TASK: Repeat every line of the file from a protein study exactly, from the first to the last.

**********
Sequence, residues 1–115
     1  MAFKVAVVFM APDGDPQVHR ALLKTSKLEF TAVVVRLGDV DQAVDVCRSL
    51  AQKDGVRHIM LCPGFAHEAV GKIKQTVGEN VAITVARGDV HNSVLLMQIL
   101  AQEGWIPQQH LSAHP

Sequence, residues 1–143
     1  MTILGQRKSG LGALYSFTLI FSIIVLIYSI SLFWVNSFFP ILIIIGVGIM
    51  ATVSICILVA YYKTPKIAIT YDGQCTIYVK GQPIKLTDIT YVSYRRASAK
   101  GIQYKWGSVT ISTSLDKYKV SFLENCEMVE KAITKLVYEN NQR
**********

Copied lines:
Sequence, residues 1–115
     1  MAFKVAVVFM APDGDPQVHR ALLKTSKLEF TAVVVRLGDV DQAVDVCRSL
    51  AQKDGVRHIM LCPGFAHEAV GKIKQTVGEN VAITVARGDV HNSVLLMQIL
   101  AQEGWIPQQH LSAHP

Sequence, residues 1–143
     1  MTILGQRKSG LGALYSFTLI FSIIVLIYSI SLFWVNSFFP ILIIIGVGIM
    51  ATVSICILVA YYKTPKIAIT YDGQCTIYVK GQPIKLTDIT YVSYRRASAK
   101  GIQYKWGSVT ISTSLDKYKV SFLENCEMVE KAITKLVYEN NQR